It's a beautiful day.
Author Interview: Elizabeth Smyth
2019-04-01 · by Natalia Theodoridou
tagged Blog / Interviews
Elizabeth Smyth is a writer, game developer and villain enthusiast, currently working for Fusebox Games in London. She has been making weird and/or dark IF since 2013. Read some more of it at elizabethsmyth.com or find her tweeting about slime at untiltheygo. Elizabeth is the author of our April story, “The Invader.”
This interview was conducted via e-mail in March of 2019.
sub-Q Magazine: “The Invader” is an incredibly atmospheric account of an encounter with a strange (alien?) being. It is also based on a true story. Could you tell us a bit more about that?
Elizabeth Smyth: For context: I used to go on long nocturnal walks around my hometown, this quiet little seaside village. Every night I had a spiritual experience looking at a cloud or a streetlamp or whatever because it was all too beautiful. So “The Invader” is mainly about trying to capture a real place and the overwhelming wonder I felt there.
So anyway, one night I met this blob – not actually on the path as it appears in the story, but near the start of it, where the concrete slopes directly onto the beach. It was round-ish and about three feet across. I’d just read “The Sea Raiders” by H.G. Wells, which is about deep-sea monsters showing up around seaside towns, so I was on high alert. I worked up the courage to poke it with a rock, then with my finger; it was wet and cold and had some give in it. It glistened a little, but this was away from the streetlights, so I could mostly only see the outline of it. I sat in the dark and stared at it for an hour. When I went back the next day, it was gone.
A few years later there was a scare in the tabloids about lumps of congealed palm oil washing up on beaches around the UK, so that’s my current theory. Even if it wasn’t an alien or an emissary from an underwater civilisation, it will always be the defining moment of that part of my life – inexplicable, unphotographable, something that briefly made the most familiar place strange and affirmed a dreamy teenager’s perception of the world as magical and sinister.
sub-Q Magazine: You have a background in English Literature and a career in game design. How does one end up working for a company like Fusebox Games?
Elizabeth Smyth: In my case, it was almost an accident. I’d made a bunch of twines over the years, but never gave much thought to other kinds of IF, or even games in general. I just wanted to write. Actually, the short-term plan was an MA in Victorian Literature. Then I found out about this internship at Fusebox. Once I realised making games was an option, that was the new plan. So I started as a part-time integration intern, then full-time, and now I’m on the writing team.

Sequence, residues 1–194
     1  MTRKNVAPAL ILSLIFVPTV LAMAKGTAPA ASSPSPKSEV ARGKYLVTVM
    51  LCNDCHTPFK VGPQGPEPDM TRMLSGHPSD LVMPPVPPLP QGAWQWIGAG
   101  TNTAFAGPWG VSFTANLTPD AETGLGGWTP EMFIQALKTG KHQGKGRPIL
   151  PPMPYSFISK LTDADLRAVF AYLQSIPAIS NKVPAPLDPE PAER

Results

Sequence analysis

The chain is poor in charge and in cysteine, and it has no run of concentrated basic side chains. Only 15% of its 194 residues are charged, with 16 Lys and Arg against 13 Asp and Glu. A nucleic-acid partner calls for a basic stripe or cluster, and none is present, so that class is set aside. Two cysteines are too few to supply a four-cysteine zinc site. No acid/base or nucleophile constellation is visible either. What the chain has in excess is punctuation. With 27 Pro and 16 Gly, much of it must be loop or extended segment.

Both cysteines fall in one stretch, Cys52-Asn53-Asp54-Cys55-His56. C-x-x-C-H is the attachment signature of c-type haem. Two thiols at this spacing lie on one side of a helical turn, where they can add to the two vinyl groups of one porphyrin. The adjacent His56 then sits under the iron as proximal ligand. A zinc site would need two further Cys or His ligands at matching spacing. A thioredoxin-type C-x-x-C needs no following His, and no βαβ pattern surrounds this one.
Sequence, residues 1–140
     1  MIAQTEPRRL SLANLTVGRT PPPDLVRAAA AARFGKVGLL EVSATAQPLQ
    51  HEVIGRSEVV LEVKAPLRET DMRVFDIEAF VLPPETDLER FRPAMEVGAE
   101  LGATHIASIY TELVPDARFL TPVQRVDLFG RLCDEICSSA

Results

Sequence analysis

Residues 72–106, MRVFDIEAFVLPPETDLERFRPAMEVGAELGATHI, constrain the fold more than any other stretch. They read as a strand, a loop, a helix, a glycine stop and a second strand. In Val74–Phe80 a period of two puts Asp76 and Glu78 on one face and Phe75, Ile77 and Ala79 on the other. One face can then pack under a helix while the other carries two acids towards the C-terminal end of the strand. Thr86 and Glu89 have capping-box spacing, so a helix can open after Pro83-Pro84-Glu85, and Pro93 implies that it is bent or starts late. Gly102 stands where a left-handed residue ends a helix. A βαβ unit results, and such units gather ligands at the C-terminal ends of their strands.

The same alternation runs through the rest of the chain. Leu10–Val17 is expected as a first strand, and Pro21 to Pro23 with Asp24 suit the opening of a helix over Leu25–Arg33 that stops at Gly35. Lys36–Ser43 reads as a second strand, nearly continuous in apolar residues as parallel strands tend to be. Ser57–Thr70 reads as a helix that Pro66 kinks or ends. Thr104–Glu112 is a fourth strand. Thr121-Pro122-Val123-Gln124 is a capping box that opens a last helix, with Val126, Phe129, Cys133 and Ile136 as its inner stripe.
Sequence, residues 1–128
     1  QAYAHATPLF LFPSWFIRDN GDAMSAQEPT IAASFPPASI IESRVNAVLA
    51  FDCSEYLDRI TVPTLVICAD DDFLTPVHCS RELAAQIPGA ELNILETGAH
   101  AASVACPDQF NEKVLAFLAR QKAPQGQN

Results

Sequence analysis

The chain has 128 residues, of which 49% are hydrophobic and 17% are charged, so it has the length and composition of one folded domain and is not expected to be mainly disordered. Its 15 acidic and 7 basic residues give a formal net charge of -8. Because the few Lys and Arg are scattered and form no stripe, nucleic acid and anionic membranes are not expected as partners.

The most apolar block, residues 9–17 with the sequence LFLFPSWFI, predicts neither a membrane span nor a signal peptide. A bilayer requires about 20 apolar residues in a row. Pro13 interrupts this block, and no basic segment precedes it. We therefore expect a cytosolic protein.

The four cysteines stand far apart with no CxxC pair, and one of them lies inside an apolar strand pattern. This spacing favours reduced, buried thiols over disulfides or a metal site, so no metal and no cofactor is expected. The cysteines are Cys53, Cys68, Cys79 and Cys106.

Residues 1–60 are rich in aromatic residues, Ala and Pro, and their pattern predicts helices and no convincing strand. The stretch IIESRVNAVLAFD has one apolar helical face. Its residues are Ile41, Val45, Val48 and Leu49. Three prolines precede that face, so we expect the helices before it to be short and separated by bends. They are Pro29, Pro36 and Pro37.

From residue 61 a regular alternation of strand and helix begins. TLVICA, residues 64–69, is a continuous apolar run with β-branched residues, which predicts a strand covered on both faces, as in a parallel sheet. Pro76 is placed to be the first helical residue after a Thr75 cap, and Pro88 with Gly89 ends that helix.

Some people at Fusebox have formal education in games, and some don’t. I think most of the writers have lit or creative writing degrees, but so much of what we do is specific to the medium. It takes more specialised skills than being a good prose writer.
sub-Q Magazine: Any advice for writers who want to branch out into games?
Elizabeth Smyth: A lot of people say “start with twine” and I think they’re right. With twine you can learn how to write interactive narrative without having to learn a bunch of other new skills at the same time. That said, mess around with the css if at all possible. If you’re not ready for art, animation or sound, at least get yourself a nice font and colour scheme that work for your story. Writing games means thinking about (and sometimes deciding) how your words will be presented as part of a complete package, and tweaking the twine stylesheet is a good way to get into that mindset.
Also, if you’re writing a simple choice-based story game, start by thinking of one interesting choice. Every option is superficially simple, ideally a single action or line of dialogue. Every option has a) up-front, obvious pros and cons and b) later on, emotionally/narratively significant consequences that make sense. Write the story around that. Build up to it thoroughly, pay it off thoroughly. Figure out what it really represents (idealism vs cynicism? Individualism vs collectivism?) – that’s the theme of your story. Even if one branch feels to you like the “true” version of the story, respect the player’s decision and write as if the other(s) were equally valid.
There are other approaches (“The Invader” doesn’t follow that formula at all), but my advice would be to start by learning to design a nice, impactful choice.
sub-Q Magazine: It’s recommendation time. What are some of the best works you’ve read or played over the past, say, 12 months?
Elizabeth Smyth: Mysteries of Baroque by William Brown was the first long ChoiceScript game I played, and it was really enjoyable. Very mysterious, as advertised. There were some great examples of short twines in the sub-Q jam – my favourites were “Drench” by Aidan Doyle and “Ghosted” by Josh Labelle (who also runs a twitter called Choose Your Own Tweetventure, which is arguably IF and super fun).
I’ve also gotten massively into Clash of the Type-Ins, the podcast where Jenni Polodna and Ryan Veeder play text adventures with the people who wrote them. It’s extremely enlightening to hear people with way more experience than me trying things and solving puzzles in real time.
sub-Q Magazine: What’s next for you?
Elizabeth Smyth: For complicated reasons, I’m planning to enter IFComp this year with a parser game based on a Nickelback song. And I’m excitedly experimenting with ChoiceScript, but don’t have anything to announce on that yet. Besides IF, I’ve got some creepy short fiction coming out this year in various anthologies, and I play a terrible ghost in a DnD podcast called Pax Fortuna.